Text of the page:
Text by Lasha Shakulashvili
Photos by Elene Shengelia
Negar Khodaivandy, 21, loves the scarf she wears around her neck. It is the same scarf she uses as chador in Iran. One scarf bridges two very worlds, carried by a girl who was born of two very different cultures.
Khodaivandy is one of dozens of young Iranians who are moving to Georgia.
More accurately, they are moving back to Georgia, their ancestral homeland.
Khodaivandy is a member of Georgia's one of the largest diasporas – the group of thousands of ethnic Georgians who were exiled to Persia 400 years ago.
Starting from the early 17th century, ethnic Georgians in Iran were forced to settle in the town of Fereydunshahr. Georgians converted to Shia Islam but maintained Georgian traditions, including the language, although over the past four centuries it has taken on some local traits, including a very specific accent.
Today there is no exact information on the number of ethnic Georgians residing in Iran, however, most of the sources estimate there are around 60, 000.
Many still identify themselves as Georgian, and an increasing number of them are returning home in search of better opportunities and more personal freedom. That is particularly true for young Georgian-Iranians, who consider moving to Georgia – especially capital Tbilisi – to attend university.
Khodaivandy and her sister, Shahrzad, 27, are part of the wave of young Georgians from Iran who moved to Tbilisi to attend the Tbilisi State Medical University.
For Khodaivandy, the decision to move to Georgia was easy. Her late mother was ethnically Georgian and she grew up hearing the language.
“My mother had always wanted to move to Georgia. Few years ago, our family vacationed in Batumi and it felt so heartwarming so see her speaking the Fereydunshahr-style Georgian language with the locals. It was an experience that made a significant contribution to making us feel that we were at home," Khodaivandy says.
Khodaivandy says they felt very welcome when they arrived, in part due to Georgians' attitudes toward the Fereydunshahr Georgians. The group is respected for retaining its Georgian identity and language despite living in Iran for so long.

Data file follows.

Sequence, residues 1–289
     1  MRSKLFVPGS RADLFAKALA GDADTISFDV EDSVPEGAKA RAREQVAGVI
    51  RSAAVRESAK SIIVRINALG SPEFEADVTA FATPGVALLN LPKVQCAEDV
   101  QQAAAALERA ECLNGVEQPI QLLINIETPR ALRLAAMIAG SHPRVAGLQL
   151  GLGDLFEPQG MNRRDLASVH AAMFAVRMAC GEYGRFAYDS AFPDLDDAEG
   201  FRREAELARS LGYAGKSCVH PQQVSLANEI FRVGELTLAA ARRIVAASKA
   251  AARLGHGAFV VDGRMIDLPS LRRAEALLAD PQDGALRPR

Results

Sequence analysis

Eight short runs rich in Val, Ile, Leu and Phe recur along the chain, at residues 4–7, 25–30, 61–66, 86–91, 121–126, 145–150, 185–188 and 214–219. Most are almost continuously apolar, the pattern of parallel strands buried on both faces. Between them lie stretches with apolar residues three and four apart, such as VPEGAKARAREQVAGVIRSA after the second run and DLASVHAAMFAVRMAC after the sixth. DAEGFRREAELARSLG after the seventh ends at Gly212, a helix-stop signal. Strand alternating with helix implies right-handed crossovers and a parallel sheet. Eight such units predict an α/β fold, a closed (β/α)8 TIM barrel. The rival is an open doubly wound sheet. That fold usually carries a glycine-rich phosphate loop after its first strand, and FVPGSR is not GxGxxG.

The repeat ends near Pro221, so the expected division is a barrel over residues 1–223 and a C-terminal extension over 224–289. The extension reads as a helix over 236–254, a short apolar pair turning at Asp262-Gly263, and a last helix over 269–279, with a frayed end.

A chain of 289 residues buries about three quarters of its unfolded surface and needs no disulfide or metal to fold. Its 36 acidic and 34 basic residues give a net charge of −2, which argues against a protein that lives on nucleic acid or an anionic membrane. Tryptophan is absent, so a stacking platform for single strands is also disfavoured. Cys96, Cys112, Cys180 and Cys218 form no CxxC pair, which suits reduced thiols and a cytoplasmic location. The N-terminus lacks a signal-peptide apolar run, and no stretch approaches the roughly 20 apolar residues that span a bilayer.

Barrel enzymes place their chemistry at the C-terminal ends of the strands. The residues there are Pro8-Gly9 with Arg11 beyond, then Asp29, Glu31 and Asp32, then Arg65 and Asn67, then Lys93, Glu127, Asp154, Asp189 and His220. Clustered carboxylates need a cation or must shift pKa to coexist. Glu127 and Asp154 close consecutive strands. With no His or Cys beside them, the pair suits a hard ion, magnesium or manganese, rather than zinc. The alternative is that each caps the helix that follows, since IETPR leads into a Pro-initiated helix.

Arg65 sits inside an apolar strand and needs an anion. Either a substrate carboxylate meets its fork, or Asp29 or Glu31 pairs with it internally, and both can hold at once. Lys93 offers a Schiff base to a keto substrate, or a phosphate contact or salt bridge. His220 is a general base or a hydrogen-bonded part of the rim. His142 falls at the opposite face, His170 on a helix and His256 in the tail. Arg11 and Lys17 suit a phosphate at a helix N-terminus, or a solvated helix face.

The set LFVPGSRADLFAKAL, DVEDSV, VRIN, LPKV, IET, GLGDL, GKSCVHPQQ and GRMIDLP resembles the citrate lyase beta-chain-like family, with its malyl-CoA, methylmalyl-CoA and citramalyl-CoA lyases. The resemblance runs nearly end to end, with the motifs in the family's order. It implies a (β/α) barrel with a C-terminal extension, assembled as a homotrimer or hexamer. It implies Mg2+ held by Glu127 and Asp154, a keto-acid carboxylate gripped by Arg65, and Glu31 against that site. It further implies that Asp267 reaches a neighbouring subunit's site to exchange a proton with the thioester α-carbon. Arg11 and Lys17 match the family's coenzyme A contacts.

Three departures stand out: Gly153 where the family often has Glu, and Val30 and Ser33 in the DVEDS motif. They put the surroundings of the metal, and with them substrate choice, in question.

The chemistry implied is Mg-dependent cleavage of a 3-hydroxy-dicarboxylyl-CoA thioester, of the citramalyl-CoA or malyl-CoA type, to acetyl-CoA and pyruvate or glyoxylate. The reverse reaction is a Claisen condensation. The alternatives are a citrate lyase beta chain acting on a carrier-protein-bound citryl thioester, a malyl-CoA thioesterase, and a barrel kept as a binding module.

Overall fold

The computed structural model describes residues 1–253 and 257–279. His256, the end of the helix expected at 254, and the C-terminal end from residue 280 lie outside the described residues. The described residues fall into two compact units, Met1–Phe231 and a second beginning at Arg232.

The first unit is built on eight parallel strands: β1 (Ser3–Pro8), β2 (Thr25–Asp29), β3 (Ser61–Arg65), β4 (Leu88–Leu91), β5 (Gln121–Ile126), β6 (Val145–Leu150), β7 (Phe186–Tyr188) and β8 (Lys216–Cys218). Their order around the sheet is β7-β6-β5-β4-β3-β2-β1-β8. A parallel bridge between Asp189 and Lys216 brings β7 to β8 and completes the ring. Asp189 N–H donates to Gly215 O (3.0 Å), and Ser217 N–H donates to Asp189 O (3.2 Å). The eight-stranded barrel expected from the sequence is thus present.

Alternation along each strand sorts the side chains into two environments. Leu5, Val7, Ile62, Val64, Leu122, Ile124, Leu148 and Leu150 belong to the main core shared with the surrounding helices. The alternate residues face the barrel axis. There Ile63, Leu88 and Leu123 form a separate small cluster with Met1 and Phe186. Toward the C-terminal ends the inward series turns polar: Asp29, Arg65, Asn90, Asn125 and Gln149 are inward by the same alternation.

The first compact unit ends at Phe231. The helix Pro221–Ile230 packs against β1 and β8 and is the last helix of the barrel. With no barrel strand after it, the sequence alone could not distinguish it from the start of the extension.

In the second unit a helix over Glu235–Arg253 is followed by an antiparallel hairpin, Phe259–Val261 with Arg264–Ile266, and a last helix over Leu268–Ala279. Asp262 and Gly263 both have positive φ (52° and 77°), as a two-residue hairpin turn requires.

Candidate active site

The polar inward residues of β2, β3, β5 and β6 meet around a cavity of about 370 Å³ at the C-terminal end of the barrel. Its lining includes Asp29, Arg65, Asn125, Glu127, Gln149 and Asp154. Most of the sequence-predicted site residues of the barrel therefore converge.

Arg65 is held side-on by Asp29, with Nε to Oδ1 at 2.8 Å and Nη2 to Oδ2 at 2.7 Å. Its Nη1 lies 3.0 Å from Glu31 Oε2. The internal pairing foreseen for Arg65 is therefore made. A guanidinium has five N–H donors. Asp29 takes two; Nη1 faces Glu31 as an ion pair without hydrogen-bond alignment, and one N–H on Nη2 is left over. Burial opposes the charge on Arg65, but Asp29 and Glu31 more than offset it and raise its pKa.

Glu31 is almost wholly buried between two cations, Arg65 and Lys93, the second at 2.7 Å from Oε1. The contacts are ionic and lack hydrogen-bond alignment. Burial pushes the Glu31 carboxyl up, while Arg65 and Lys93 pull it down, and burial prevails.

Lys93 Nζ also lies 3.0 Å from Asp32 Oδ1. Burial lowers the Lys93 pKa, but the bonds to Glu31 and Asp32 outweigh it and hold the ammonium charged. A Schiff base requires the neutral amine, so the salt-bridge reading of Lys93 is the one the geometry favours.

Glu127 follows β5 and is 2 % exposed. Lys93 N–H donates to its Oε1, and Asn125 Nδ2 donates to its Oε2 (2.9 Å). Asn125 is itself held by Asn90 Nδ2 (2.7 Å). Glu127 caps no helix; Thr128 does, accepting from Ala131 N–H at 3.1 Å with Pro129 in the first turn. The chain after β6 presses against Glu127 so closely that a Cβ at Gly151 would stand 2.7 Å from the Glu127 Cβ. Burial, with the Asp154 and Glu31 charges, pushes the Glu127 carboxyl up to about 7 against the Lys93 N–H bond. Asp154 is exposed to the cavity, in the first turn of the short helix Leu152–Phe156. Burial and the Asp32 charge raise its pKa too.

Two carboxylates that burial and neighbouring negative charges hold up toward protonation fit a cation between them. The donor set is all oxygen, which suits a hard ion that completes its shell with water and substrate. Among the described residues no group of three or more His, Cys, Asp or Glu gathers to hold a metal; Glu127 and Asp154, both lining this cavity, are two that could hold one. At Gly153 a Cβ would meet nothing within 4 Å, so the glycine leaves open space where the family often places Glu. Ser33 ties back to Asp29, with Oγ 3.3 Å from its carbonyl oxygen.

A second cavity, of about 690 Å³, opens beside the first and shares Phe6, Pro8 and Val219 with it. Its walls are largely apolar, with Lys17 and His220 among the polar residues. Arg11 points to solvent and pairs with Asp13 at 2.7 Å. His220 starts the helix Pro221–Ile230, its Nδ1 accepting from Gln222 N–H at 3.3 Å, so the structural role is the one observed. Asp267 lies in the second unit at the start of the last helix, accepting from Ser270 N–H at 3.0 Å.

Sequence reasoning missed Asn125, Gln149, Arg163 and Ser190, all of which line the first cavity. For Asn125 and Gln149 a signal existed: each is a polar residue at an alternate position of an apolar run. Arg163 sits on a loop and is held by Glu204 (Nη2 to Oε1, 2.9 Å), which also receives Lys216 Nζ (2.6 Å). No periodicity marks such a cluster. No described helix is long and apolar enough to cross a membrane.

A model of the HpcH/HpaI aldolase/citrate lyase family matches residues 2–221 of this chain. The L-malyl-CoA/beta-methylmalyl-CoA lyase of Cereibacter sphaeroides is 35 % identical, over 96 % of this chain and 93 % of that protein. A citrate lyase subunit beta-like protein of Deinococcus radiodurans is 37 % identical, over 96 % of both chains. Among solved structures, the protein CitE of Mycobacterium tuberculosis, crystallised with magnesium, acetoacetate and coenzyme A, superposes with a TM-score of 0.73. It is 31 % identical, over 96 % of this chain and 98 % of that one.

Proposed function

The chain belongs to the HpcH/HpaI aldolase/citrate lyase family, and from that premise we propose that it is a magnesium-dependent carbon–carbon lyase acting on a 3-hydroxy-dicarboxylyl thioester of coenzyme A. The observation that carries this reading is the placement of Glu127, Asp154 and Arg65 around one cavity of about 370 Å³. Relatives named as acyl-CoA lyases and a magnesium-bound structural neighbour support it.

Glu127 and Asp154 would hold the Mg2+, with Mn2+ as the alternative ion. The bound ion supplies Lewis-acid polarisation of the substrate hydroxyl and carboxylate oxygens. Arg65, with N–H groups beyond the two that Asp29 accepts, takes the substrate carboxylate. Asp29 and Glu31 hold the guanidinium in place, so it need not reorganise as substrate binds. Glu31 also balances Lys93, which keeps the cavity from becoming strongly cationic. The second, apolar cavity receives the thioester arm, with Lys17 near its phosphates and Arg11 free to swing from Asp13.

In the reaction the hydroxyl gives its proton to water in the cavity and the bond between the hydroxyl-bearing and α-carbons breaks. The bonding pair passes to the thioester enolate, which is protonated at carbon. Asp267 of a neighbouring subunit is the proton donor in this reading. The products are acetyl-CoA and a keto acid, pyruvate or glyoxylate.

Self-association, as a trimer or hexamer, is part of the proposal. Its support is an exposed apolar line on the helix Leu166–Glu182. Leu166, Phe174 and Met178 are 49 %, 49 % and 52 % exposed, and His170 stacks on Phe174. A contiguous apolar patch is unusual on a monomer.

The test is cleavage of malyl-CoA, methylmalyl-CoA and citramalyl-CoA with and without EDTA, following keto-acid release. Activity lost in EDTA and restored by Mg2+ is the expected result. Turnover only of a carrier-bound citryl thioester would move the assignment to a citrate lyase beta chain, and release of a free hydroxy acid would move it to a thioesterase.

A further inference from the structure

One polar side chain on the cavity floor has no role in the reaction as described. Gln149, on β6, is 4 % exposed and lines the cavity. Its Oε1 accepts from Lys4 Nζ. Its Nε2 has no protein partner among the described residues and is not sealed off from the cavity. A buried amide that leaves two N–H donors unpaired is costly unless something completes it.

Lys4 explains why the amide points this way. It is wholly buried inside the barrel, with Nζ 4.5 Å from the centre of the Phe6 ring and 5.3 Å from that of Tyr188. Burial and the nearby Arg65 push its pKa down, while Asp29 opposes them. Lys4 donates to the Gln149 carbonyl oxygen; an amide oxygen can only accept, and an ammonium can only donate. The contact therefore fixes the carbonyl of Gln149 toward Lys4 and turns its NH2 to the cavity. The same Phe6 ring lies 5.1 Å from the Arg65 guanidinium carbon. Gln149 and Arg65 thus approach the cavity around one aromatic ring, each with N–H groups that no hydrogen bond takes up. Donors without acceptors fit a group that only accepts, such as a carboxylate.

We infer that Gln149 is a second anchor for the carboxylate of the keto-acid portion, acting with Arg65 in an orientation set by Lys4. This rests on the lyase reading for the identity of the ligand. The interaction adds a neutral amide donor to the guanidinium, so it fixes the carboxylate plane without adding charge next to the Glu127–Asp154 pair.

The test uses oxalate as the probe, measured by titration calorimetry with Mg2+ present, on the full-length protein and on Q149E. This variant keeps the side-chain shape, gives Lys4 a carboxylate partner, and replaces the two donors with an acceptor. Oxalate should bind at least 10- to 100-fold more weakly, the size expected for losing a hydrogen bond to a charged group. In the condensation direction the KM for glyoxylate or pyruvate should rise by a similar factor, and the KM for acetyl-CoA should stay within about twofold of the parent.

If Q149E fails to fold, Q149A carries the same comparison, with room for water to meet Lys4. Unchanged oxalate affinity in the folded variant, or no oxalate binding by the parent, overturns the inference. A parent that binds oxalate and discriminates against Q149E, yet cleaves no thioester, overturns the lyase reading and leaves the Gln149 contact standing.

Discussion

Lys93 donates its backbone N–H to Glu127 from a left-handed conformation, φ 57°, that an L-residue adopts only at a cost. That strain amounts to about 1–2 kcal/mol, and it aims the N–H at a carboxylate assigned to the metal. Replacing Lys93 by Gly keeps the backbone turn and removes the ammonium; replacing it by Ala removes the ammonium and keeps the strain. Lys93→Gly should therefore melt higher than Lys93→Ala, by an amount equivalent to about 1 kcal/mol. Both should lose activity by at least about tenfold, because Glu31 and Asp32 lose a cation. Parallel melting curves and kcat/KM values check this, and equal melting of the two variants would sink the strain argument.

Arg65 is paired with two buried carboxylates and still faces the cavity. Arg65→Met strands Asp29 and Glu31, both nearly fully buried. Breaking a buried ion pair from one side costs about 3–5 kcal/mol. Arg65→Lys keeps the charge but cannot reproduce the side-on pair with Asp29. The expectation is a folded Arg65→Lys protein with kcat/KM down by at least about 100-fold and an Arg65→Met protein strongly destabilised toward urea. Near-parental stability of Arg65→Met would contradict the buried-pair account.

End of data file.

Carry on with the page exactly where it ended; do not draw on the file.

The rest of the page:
Negar enrolled to a special class designed for those students who come from Iran and are of full or partial Georgian ancestry. Over the past four centuries, the Georgian language didn’t evolve for the Fereydunshahr Georgians, and the community adopted some Persian words. So, Georgian-Iranians can struggle to communicate. The classes offer a chance to improve their language skills.
A strong command of the language is crucial for Georgian-Iranians as they seek to integrate into Georgian society. The community is well-aware of all the successful "returnees," who have built their careers in Georgia; however, nevertheless, there are stories of people who have moved back to Iran due to the challenges of adapting to life in Georgia.
That includes those who moved back to Iran due to their language abilities.
But other challenges also exist.
For Khodaivandy, it has been hard to make Georgian friends and fully integrate into Georgian society. While her language skills have improved, and she feels at home in the capital, Tbilisi, most of her friends are from Iran or are foreigners studying at the medical university.
Part of the challenge maybe her religion. Generally speaking, the majority of Georgians are Georgian Orthodox and for some people, in the country's violent past, Islam and Iran are associated with long years of occupation and brutality.
That means at times, Georgian-Iranians feel more like "outsiders" than "insiders" in Georgian society. For Khodaivandy, the focus on religion can feel forced.
A person's cultural identity should be tied to language and traditions, she says, not religion.
“My family is Muslim, however, my mother’s ancestors were Christian when they arrived in Persia,” she noted.
“Religion shall not define a person... It is not inscribed on our foreheads what religion we adhere to. Striving to be a better human was the core messages that echo throughout our family values. Speaking Georgian with my maternal grandparents and listening to their stories built my Georgian spirit. In fact, such storytelling makes Iran’s Georgians hold on to their roots,” she said, adding that people’s will to remain Georgian is what matters, not their faith.
And, despite the challenges she has faced building a life in Tbilisi, Khodaivandy says she feels at home in her ancestral motherland.
“My whole family is in Iran, including my sister, who is already a citizen of Georgia. However, I am not alone. I know that my mother’s soul is here, where she had always wanted to be”.
Millennials, February/March 2019